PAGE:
« EelmineJätka »
Were hours of grief, together past, Than years of mirth apart, dear love! than years of mirth apart!
Farewell ! our hope was born in fears,
And nursed’mid vain regrets ! Like winter suns, it rose in tears, Like them in tears it sets, dear love ! like them in tears
it sets !
GAILY SOUNDS THE CASTANET.
Beating time to bounding feet,
Maids and youths by moonlight meet.
Through all that maze of mirth,
Beyond all eyes on earth.
Then, the joyous banquet spread
On the cool and fragrant ground,
And still brighter sparkling round.
Into the loved one's ear,
To be thus whisper'd here.
When the dance and feast are done,
Arm in arm as home we stray,
O’er her cheek's warm blushes play!
And words whose parting tone
That haunt young hearts alone.
LOVE IS A HUNTER-BOY.
Who makes young hearts his prey,
Ensnares them night and day.
Love tracks them every where;
At early dawn to trace
And give the trembler chase.
To trace those footsteps fair,
None track'd before him there.
COME, CHASE THAT STARTING TEAR AWAY.
Ere mine to meetit springs;
Whate'er to-morrow brings !
When all is dark’ning fast,
But one bright hour allow,
In all its splendour, now!
Let's live it out-then sink in night,
Like waves that from the shore
Then, chase that starting tear, etc.
JOYS OF YOUTH, HOW FLEETING!
WHISPRINGS, heard by wakeful maids,
To whom the night-stars guide usStolen walks through moonlight shades, With those we love beside us.
Hearts beating, at meeting,
Tears starting, at parting;
Sweet joys of youth, how fleeting!
HEAR ME BUT ONCE,
In which our love lies cold and dead,
Of joys now lost and charms now fled, Who could have thought the smile he wore,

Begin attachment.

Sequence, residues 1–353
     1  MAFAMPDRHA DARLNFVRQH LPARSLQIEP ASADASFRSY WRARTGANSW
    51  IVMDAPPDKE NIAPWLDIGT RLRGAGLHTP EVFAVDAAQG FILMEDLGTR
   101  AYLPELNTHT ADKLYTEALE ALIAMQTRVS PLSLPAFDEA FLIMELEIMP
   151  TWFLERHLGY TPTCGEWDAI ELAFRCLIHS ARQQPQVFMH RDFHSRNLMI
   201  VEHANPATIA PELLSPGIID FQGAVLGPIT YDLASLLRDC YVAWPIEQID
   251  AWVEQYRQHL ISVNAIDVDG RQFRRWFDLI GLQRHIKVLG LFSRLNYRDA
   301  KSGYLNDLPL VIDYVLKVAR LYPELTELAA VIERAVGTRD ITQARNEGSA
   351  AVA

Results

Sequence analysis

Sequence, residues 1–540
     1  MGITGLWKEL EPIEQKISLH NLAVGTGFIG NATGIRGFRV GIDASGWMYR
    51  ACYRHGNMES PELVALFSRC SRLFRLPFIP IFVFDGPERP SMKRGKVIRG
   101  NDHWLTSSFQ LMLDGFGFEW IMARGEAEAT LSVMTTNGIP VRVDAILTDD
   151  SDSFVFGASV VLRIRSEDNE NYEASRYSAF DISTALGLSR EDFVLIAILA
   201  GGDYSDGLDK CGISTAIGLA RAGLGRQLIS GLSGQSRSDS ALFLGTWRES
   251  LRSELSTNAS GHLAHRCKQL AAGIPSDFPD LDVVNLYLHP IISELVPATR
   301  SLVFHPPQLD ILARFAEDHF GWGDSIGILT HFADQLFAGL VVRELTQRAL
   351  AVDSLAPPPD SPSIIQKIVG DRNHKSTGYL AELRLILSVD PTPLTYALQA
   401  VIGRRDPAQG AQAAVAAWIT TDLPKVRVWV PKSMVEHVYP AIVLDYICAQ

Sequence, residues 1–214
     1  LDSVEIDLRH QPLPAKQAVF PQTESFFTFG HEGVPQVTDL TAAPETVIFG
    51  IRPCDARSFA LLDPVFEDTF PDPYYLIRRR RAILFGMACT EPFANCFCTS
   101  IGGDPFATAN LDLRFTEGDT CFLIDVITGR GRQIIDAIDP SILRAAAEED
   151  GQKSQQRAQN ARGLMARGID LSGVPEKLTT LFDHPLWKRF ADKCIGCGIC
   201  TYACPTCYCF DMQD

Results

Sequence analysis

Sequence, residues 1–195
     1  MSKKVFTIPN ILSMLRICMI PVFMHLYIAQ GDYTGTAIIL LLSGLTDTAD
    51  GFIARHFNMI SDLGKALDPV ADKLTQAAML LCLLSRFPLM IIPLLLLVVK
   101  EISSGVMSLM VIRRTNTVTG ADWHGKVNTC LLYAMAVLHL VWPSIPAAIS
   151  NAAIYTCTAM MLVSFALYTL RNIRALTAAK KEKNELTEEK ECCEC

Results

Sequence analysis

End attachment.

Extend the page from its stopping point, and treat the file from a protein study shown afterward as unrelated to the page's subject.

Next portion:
When first we met, would fade away ? Or that a chill would e'er come o'er
Those eyes so bright through many a day?
WHEN LOVE WAS A CHILD,
When Love was a child, and went idling round,
'Mong flowers the whole summer's day, One morn in the valley a bower he found,
So sweet, it allured him to stay.
O’erhead, from the trees, hung a garland fair,
A fountain ran darkly beneath'Twas Pleasure that hung the bright flowers up there;
Love knew it, and jump'd at the wreath.
But Love didn't know-and at his weak years
What urchin was likely to know?-
That fountain which murmur'd below.
He caught at the wreath--but with too much haste,
As boys when impatient will do It fell in those waters of briny taste,
And the flowers were all wet through.
Yet this is the wreath he wears night and day,
And, though it all sunny appears
Still tastes of the Fountain of Tears.
SAY, WHAT SHALL BE OUR SPORT TO-DAY ?
SAY, what shall be our sport to-day?
There's nothing on earth, in sea or air,
For spirits like mine to dare!
Of those days, alas ! gone by,
And was bless'd I scarce knew why.
And flew-oh, flew so wild a height,
'Twas giddy with too much light;
With that sun, too, nearly set,
For a few gay soarings yet.
BRIGHT BE THY DREAMS!
Bright be thy dreams—may all thy weeping
Those by death or seas removed,
All thou'st ever prized or loved,
Still the same--20 charm forgot
Or, if changed, but changed to what